Slow Burn’s A Christmas Story Is Fresh Vision Of Beloved Film

The Old Man’s daydreams come true as he leads a high-kicking chorus line of Major Awards in Slow Burn Theatre’s A Christmas Story / Photos by Rodrigo Balfanz

By Bill Hirschman

There’s a hilarious glorious scene of pure hallelujah in Slow Burn Theatre’s A Christmas Story the Musical in which 20 adults and children dressed in sparkly costumes resembling the fabled Major Award leg lamp form a kick line in a RKO-worthy production number.

You won’t remember that image from the now classic holiday film, nor the source material short stories in Jean Shepherd’s In God We Trust, All Others Pay Cash and certainly not in Shepherd’s wry satirical original monologues over WOR radio in the 1950s and 1960s.

But that’s the key to thoroughly enjoying this stage adaptation: Each edition makes the most of its genre’s strengths with little worry that it’s significantly different in tone, style and even theme than its predecessors. So when the teacher Mrs. Shields leads another stage-spanning tap production number entitled “You’ll Shoot Your Eye Out,” just go along with it.

Certainly, the 2012 script by Joseph Robinette credits the 1983 film script by Shepherd (who died in 1999), filmmaker Bob Clark and Leigh Brown. It loyally ticks off many of the iconic images that audiences would not forgive if they were cut: from the mortifying pink rabbit costume to the Ralphie daydreaming of rescuing his family and friends with his Red Ryder BB gun with a compass in the stock and “the thing that tells time.”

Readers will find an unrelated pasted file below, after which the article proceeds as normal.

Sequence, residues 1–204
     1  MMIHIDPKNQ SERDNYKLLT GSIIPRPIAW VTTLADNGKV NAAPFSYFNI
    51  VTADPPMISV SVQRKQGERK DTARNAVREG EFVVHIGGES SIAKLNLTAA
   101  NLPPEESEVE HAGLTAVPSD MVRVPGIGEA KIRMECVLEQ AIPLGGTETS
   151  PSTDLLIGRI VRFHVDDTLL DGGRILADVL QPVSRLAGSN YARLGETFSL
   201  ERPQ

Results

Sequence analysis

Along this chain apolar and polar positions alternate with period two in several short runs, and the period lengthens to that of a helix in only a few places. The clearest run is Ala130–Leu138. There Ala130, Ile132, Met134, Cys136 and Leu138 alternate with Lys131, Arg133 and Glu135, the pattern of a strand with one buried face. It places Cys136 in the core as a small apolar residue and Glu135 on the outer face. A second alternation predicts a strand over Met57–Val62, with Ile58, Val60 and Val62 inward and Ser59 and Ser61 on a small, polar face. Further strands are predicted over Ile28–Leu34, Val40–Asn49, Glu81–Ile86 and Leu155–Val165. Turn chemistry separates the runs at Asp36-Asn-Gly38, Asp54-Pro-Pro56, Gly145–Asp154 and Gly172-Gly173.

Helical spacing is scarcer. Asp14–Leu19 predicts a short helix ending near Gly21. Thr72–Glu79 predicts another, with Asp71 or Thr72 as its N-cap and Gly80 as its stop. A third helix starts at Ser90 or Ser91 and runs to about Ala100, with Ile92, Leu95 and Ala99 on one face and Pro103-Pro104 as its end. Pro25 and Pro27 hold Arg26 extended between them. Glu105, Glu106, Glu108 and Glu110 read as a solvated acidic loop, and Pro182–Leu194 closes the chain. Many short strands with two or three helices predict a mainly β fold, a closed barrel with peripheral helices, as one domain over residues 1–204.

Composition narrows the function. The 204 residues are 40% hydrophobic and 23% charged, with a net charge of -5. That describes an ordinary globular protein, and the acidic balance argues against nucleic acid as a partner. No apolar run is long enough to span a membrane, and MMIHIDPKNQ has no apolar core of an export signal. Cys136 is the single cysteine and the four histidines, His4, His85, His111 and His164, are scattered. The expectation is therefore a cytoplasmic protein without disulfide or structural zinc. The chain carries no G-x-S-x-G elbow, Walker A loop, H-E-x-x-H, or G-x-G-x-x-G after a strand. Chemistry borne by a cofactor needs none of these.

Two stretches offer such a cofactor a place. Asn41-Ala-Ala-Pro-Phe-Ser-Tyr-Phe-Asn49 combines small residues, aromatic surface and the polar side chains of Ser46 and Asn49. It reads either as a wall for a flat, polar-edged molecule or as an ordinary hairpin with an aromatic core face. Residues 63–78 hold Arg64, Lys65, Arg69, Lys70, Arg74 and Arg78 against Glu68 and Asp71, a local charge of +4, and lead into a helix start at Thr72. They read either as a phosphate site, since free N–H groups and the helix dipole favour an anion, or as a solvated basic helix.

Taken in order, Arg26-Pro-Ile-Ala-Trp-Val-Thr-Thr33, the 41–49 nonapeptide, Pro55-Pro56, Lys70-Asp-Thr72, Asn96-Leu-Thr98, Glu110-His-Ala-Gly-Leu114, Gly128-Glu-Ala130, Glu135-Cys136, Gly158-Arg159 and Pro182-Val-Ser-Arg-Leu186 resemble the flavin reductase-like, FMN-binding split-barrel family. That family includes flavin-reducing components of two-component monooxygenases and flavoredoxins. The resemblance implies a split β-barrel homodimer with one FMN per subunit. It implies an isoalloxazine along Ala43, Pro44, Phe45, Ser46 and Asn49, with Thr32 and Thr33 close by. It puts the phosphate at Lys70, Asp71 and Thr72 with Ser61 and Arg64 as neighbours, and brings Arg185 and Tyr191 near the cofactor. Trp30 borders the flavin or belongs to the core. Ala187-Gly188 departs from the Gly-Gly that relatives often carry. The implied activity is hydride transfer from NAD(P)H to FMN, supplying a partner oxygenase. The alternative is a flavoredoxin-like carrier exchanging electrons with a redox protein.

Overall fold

The perky score by Benj Pasek and Justin Paul (better known for Dear Evan Hansen which has no artistic relation to this at all) unabashedly echoes Broadway tropes from the 1930s to the 1950s.

To those, like this critic, who grew up listening nightly at bedtime to the humorist/monologist Shepherd on the radio and who adore Bob Clark’s film, you have to adjust a bit. Clark’s relatively low-budget low-key film was a quietly funny and charming look back at an earlier time. Shepherd’s book and radio monologues had that those elements but they were filtered through a New York sophisticate club comedian’s affectionate but pointedly sardonic reverie in which the narrator was gently laughing at himself and the naïve innocent world he came from in the dying steel towns of the Midwest during the waning of the Great Depression.

This slam-bang stage version is a more generalized look back at childhood and family – while still being quite funny and indulging in singing and dancing. For instance, the show gives character-revealing solos to Mother and The Old Man,  which are absolutely worthwhile and in sync with the musical’s kindler, gentler vibe but they change the tenor of the work.

What all of these versions share, but in decreasing amounts, is nostalgia for a time that never actually existed but that our child’s memories have rewritten as a simpler, clearer world.

To be fair, sometimes this stage edition goes just a little too far over the top but it’s such infectious fun that it’s easy to forgive. And some scenes don’t quite work, like the licking the flagpole scene which the team tries to rescue by tossing in a song and dancing kids. Similarly, Ralphie finding the rifle late Christmas morning is an affecting moment in the film, but goes by here without a moment to appreciate. The entire scene of kids appealing to a blowsy Santa Claus at Higbee’s department store is a mess with unintelligible dialogue and lyrics. And the truth is that there really was no need to musicalize this work to begin with. But you could say the same about Shaw’s Pygmalion and Hugo’s Les Misérables.